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I contemplated this poem over a long period of time and immersed myself in other poetry by Dickinson. I also read her letters. In some ways the music is not just inspired by the poem but by her life. When composing the work, I would picture her in her room over looking the cemetery in Amherst Massachusetts writing journals, letters and poetry. It seems to me hers was a life devoted to understanding the human mind, and the essence of existence, to understand and to give expression to the inexpressible.

As the poet Adrianne Rich says in the documentary:
“What I learned from her was that there are extreme psychological states which can be hunted down in language which can receive embodiment in language, but that language has to be forged, has to be created it isn’t just found in the air, it’s not the first words that come to mind”

Another writer in the documentary says of Dickinson:
“She looked very deep and saw very clear”

My earlier work Sulphurous Dreamscapes and Obscure Lunar Conundrums (written in 1994 for the same instrumental grouping) was a homage to Sylvia Plath’s life as a poet (and not her death which so many people seem to focus on) and was inspired by her poem The Ghost’s Leavetaking. Likewise, As all the Heavens were a Bell is a kind of homage to Emily Dickinson. She seems to me a deeply authentic person who felt the joy and wonder of life but also the anguish. This piece is an attempt to understand such deeply profound revelation as is expressed in her poetry. To me when she says “And Finished knowing- then-”, it’s the ultimate revelation that we are eternal beings, and the truth can not be known by the mind. These are the issues that many western and eastern spiritual teachings grapple with.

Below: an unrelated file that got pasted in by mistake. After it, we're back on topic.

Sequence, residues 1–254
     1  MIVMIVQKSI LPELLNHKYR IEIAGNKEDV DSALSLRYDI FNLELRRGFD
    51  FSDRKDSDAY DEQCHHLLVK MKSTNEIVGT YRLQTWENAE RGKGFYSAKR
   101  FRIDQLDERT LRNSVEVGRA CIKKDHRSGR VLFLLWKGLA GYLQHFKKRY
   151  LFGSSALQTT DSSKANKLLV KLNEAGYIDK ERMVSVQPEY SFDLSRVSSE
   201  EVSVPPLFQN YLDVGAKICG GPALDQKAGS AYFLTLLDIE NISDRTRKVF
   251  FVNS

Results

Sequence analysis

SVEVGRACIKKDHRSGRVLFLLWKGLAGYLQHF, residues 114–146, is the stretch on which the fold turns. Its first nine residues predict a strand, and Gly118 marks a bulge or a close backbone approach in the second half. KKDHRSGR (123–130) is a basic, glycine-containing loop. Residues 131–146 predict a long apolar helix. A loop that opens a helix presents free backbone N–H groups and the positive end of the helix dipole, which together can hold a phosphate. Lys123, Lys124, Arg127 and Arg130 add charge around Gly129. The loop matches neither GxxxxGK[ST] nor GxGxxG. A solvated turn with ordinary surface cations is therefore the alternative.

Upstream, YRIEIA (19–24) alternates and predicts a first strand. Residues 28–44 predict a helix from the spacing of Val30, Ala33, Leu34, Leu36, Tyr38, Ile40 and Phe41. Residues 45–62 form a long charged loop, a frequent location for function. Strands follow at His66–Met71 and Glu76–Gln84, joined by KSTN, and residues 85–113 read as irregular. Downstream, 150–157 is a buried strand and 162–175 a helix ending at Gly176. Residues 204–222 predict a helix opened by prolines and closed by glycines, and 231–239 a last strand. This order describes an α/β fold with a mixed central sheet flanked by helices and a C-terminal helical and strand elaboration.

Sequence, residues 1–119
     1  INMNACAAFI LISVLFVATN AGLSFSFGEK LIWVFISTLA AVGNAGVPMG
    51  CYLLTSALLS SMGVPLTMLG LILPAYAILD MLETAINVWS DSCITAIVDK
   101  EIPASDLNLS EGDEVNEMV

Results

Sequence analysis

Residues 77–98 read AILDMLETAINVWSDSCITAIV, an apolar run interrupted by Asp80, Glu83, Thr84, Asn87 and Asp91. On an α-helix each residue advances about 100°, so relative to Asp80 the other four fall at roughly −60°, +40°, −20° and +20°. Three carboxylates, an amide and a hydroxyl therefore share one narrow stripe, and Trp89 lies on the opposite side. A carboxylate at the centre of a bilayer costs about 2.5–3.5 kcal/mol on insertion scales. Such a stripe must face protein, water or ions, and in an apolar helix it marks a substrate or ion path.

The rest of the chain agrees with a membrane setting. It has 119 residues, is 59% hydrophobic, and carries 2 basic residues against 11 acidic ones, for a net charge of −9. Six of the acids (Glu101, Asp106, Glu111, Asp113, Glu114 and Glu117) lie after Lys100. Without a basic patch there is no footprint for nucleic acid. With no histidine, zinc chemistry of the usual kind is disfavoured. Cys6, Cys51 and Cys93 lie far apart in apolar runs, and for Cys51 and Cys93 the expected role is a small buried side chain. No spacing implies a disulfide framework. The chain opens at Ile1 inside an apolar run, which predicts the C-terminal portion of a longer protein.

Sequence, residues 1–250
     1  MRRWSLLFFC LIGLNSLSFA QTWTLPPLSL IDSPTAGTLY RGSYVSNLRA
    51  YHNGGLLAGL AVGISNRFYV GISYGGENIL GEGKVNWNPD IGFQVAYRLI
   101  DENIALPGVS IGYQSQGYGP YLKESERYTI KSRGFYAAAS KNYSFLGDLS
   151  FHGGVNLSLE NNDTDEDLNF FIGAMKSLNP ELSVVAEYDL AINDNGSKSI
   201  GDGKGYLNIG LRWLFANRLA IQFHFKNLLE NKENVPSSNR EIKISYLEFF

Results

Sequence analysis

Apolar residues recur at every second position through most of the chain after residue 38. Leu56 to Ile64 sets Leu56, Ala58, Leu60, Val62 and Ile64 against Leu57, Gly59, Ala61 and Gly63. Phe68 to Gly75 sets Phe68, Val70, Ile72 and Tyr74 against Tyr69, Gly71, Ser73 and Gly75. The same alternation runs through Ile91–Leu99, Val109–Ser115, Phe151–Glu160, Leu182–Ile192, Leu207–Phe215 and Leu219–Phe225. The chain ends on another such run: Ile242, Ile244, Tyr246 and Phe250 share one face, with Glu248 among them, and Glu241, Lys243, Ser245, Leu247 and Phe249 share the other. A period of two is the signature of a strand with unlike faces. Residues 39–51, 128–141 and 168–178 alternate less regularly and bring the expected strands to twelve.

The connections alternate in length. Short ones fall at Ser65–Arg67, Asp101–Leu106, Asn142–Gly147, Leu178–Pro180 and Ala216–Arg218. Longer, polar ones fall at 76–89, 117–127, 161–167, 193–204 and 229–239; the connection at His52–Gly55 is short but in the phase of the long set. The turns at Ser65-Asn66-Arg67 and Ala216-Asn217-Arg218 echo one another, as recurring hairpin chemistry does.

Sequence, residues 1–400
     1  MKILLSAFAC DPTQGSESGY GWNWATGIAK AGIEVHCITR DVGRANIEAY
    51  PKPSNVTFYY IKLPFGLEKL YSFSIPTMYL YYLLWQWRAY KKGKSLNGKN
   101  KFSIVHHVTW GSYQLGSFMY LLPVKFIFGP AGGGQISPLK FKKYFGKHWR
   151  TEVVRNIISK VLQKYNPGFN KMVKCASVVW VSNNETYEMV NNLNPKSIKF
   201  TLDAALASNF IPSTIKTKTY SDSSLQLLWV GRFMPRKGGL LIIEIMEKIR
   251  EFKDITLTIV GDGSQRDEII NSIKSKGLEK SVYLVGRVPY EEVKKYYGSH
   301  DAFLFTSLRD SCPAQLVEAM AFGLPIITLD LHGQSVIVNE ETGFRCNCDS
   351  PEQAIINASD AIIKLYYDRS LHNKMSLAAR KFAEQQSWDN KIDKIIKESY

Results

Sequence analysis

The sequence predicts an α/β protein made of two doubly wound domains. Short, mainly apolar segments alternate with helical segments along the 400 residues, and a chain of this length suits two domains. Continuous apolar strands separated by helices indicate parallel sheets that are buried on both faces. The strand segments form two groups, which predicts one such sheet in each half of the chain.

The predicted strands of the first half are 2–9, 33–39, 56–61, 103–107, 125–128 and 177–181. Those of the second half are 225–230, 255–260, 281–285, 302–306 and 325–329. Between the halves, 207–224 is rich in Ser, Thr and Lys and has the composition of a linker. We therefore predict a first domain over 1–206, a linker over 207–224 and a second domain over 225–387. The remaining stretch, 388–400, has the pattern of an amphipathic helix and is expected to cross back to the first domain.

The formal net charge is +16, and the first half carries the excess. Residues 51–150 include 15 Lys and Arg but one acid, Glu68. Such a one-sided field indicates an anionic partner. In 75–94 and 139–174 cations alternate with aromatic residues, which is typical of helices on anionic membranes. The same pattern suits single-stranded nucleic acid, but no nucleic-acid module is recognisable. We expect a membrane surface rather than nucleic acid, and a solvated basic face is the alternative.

There is another piece of writing from Dickinson that is used: “each of us gives or takes heaven in corporeal person, for each of us has the skill of life”. I understand this to mean that we are blessed to be alive, have an individual personality, mind and physical body, we all make choices about how we want to live.

The bell is an important symbol in Poem #280 and I have tried to express my understanding of this archetype by use of the tam tam and gong. I recall Australian composer Liza Lim on ABC’s The Music Show saying that the gong is her point of departure in how she understands sound and music rather than the piano which has been such an important instrument and point of reference in western music (I explored the piano in a different way in The Waves). When hearing a performance by Vanessa Tomlinson playing her own tam tam composition where she concentrated on different harmonic resonances of the tam tam, I suddenly understood the eternity of sound within this instrument. To go into the tam tam is to venture into eternity itself! No wonder the gong has been such an important instrument across so many ancient cultures. In this recording there are sections where I ask Vanessa to explore different levels of sound similar to her own piece. In the editing process I have referred back to the tam tam and other gongs. With the use of Pro Tools, I have explored further the possibilities of the instrument by trying to bring out the ‘inner world’ or resonances of the gong and made sound collage with the results. These have become vital moments in the composition.

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